abstract

Two kinds of logical reasoning can be distinguished in addition to formal deduction: induction and abduction. Given a precondition, a conclusion and a rule that implies the conclusion given the precondition, we can differentiate the three kinds of logical reasoning developed by the philosopher C.S. Peirce.

*Deductive reasoning* determines whether the truth of a conclusion can be determined for that rule, based solely on the truth of the premises. Mathematical logic and philosophical logic are examples of this type of reasoning.*Inductive reasoning* attempts to support a determination of the rule. It hypothesizes a rule after numerous examples are taken to be a conclu- sion that follows from a precondition in terms of such a rule.*Abductive reasoning/ given a true conclusion and a rule, it attempts to select some possible premises that, if true, can support the conclusion. This kind of reasoning can be used to develop a hypothesis, which in turn can be tested by additional reasoning or data. Detectives and diagnosticians often use this type of reasoning.*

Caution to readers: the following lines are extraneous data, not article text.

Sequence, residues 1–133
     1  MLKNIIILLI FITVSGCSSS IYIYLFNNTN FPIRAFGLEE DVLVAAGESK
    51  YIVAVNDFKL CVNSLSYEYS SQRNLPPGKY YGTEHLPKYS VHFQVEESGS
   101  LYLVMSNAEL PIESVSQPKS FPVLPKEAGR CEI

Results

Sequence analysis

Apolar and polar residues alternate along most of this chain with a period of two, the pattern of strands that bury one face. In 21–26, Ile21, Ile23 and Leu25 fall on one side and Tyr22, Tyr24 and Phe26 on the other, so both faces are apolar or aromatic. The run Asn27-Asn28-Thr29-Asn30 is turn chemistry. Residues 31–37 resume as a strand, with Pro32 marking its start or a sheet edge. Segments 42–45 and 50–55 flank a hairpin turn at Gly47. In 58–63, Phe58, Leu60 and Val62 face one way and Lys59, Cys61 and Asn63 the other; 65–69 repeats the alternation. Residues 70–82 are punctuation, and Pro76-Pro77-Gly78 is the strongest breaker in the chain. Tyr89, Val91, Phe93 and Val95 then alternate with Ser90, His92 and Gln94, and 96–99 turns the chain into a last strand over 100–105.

It is important to notice that inductive and abductive reasoning are not sound, in other words, they do not contain in themselves their logical validity and must be confirmed empirically: confirmation can never be absolute, but only in terms of probability.

outcomes